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Barking at strangers on walks

Discussion in 'Dog Behaviour and Training' started by Ianh, Apr 6, 2019.

  1. Ianh

    Ianh New Member Registered

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    Hi all,
    Hope you can help me in some way. I'm a bit new to this sort of thing so please forgive me if I go on. We have two dogs - both rescues, one a Border Collie cross and one a terrier cross. Our older dog Mango the border collie is super chilled out, we have had her since Oct 2017. We got Marmalade our terrier cross as a companion last October and they get on famously. The only trouble is Marmalade is quite a nervous dog. We have no problems in the house but when we walk them Marmalade will occassionally bark at passers by, and is scared of bikes as well. She seems to be getting a little bit worse and the trouble is super chilled Mango now is occassionally copying her - she never barked at anyone before we got Marmalade. I am hoping that someone could offer any top tips - best books to read, videos on You Tube or personal experiences that they could possibly share. It would be great if someone could help. This is her only issue so if we could solve this it would be great
     
  2. Mad Murphy

    Mad Murphy Well-Known Member Registered

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    Im no expert but I do have a dog who barks at strangers or more to the point people who invade his space or behave strangely ..The ones who creep up behind us, fiddle in pockets , flap brollies , or have screaming kids...

    The best thing for Murphy is not to try dragging him away I put him in a sit tell him 'leave it' and reward like mad if he stays calm. We are now doing one walk per day past the local school and down past the shops though we do stay on the quieter side of the road hes seeing all sorts on a daily basis and it seems to be calming him down no end
     
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  3. JudyN

    JudyN Well-Known Member Registered

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    As far as possible, try to avoid walks where you're likely to see passers-by and bikes - is that possible? Some people with reactive dogs walk them at silly o'clock purely to avoid their triggers. The more Marmalade can have calm walks, the sooner her stress levels will drop - stress/arousal builds up quickly but drops very slowly (even over days), so it's easy to end up with a dog who is constantly stressed and easily triggered.

    Then, when you do see a 'trigger', try to pair it with a treat. This isn't a 'reward for being good', it's simply 'every time I see a person I get a treat - woo hoo, I love seeing people!' You have to start this with people/bikes far enough away that she's not stressed (or not enough to bark), and then having treated her, you can move away. Veeeery gradually, you should be able to spot triggers from closer up and rather than barking, she'll turn to you and say 'Where's my treat then?'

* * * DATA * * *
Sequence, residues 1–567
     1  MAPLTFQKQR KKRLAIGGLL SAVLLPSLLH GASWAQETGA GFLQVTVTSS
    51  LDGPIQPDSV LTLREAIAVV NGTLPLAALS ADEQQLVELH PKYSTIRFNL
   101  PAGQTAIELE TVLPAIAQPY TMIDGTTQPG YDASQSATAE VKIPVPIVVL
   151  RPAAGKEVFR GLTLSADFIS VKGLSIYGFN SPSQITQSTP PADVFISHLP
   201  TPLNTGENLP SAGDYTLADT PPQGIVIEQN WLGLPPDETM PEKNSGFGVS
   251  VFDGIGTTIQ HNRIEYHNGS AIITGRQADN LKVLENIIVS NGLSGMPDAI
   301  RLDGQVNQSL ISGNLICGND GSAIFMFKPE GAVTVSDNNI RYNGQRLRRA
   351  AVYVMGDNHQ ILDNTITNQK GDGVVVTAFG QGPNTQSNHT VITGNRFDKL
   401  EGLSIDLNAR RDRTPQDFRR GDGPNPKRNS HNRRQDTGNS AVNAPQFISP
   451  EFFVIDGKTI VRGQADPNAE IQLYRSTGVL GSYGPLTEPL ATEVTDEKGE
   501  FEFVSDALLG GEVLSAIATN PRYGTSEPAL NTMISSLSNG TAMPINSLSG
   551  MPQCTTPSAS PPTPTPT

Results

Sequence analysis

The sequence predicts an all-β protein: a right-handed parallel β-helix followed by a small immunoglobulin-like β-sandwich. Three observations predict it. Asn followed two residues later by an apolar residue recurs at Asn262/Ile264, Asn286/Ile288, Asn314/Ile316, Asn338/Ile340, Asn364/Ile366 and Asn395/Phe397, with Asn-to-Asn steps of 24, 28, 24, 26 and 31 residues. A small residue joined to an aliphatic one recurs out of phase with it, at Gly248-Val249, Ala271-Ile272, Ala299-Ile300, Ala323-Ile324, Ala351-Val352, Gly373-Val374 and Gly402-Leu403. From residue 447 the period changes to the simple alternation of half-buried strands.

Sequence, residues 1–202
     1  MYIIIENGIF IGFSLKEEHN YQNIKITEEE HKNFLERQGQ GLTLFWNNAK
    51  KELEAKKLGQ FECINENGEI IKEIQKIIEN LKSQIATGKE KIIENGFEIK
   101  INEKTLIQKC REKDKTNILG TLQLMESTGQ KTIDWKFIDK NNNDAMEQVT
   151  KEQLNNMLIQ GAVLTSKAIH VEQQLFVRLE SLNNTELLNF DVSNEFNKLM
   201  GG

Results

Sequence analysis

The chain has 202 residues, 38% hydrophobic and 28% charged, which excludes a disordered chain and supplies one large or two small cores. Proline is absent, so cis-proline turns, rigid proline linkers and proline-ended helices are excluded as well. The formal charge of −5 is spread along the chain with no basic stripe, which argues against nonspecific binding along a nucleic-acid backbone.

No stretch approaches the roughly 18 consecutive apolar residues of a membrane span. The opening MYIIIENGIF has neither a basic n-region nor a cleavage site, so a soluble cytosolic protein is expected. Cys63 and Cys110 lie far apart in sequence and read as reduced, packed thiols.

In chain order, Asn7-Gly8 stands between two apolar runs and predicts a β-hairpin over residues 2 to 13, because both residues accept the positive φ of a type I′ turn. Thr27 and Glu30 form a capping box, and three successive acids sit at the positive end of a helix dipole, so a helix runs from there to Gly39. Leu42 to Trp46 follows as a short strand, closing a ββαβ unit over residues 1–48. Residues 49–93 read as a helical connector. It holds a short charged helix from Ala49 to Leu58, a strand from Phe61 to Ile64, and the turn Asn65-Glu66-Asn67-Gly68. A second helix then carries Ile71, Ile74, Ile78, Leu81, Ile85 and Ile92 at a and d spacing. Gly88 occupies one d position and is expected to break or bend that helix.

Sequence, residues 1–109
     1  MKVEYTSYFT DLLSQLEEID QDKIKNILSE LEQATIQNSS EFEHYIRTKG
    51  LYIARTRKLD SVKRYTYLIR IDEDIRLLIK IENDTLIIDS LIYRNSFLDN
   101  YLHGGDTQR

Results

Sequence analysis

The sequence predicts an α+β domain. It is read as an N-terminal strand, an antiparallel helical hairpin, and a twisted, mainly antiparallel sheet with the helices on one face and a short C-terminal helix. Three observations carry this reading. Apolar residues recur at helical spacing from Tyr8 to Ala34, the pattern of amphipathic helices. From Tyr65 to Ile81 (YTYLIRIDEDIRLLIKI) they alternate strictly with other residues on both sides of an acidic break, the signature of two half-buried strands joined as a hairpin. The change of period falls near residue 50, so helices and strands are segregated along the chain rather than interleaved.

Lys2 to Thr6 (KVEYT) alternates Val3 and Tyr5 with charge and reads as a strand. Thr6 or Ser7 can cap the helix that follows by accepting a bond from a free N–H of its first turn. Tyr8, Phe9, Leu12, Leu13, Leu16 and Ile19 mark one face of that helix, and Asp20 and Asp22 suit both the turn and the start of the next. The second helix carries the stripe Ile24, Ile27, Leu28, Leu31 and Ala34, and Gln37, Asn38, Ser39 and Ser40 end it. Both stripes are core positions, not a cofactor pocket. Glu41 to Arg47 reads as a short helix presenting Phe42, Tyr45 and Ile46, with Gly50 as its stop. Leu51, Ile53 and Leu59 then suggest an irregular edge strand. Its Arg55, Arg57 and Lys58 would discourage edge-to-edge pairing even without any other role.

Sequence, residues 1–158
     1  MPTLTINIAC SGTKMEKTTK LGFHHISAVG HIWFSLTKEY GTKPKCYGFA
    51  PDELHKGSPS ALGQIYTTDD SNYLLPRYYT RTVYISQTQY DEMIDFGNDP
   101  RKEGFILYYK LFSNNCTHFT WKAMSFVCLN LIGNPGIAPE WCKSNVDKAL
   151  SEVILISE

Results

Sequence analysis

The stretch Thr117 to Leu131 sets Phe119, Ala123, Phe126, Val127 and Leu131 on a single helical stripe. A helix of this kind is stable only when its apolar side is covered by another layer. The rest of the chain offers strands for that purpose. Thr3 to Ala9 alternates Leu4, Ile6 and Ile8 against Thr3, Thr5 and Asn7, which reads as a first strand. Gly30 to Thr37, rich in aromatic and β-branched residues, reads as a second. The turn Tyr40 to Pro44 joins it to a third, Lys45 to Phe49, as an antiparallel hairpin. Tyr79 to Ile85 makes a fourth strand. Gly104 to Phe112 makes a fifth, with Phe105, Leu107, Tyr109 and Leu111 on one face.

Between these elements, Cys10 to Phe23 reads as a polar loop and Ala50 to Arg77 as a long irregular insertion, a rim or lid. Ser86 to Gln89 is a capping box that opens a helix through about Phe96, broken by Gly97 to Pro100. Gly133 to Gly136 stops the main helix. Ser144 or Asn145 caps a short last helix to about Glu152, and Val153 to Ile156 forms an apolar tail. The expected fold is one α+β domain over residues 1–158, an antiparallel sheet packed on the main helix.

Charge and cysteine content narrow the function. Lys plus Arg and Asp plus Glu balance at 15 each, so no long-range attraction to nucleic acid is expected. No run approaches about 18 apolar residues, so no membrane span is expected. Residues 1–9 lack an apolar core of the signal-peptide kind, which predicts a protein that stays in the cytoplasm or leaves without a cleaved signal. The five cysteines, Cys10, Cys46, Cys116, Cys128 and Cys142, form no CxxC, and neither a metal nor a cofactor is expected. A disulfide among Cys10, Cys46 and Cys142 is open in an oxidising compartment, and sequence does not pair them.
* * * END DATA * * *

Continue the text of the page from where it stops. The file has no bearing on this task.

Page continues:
More on this approach here: B.A.T. Proactive Training Gives Dogs The Tools They Need To Succeed
     
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  4. JoanneF

    JoanneF Well-Known Member Registered

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    It's possible she wasn't socialised to these as positive things in the critical period when she was a puppy.

    I read a good article the other day - along the lines that if an axe-brandishing mad person (or, in other words, something that makes you anxious) was walking on the other side of the street from you; no amount of reassurance would help - you would just want to get away. While drafting this @JudyN replied (yep, we did it again - we have a pattern!) so I won't repeat her advice, but maybe just add to be aware that if your dog has had a stressful episode the stress hormone can stay in the body for up to 48 hours so a distance she was comfortable with the day before might be too close the next day. So the safe distance can change, watch her body language.

    Also trainers describe behaviour like this with reference to the three Ds. Distance (the further the threat, the safer she feels) Duration (your dog might be tolerant for 10 seconds, but not 15) and Distraction (how distracting the stimulus is; a calm person or slow bike might not trigger any reaction at a given distance but a big, bolshy, bouncy or fast one might).
     
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  5. Mad Murphy

    Mad Murphy Well-Known Member Registered

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    I like the 3 D approach but avoiding things altogether only works if you can be in a place all alone.

    This is most likely what happened with Murphy. We dont know many people or children so we relied on seeing people while out and about. The problem was by the time he was old enough to be out and about it was winter and people were in short supply. He loves the pet shop (one place we could take him) and he is crazy about our neighbours and our postman Ed (who always comes bearing gifts ie dog biscuits).
    But he didnt see many other people or funny situations while he was very young and by the time he met them he was nervous of them.

    Most of the times we walk on nature reserves as well so we dont bump into folk that often.

    Im finding that slow drip feeding of new places/people/situations is working and as @JoanneF mentions distance is a great help. Viewing things from the other side of the road or across a large gap is much different to having it go past your ear at a matter of inches. Gradually closing the gap/ adding to the triggers and allowing Murphy to say No at any point is key to building trust.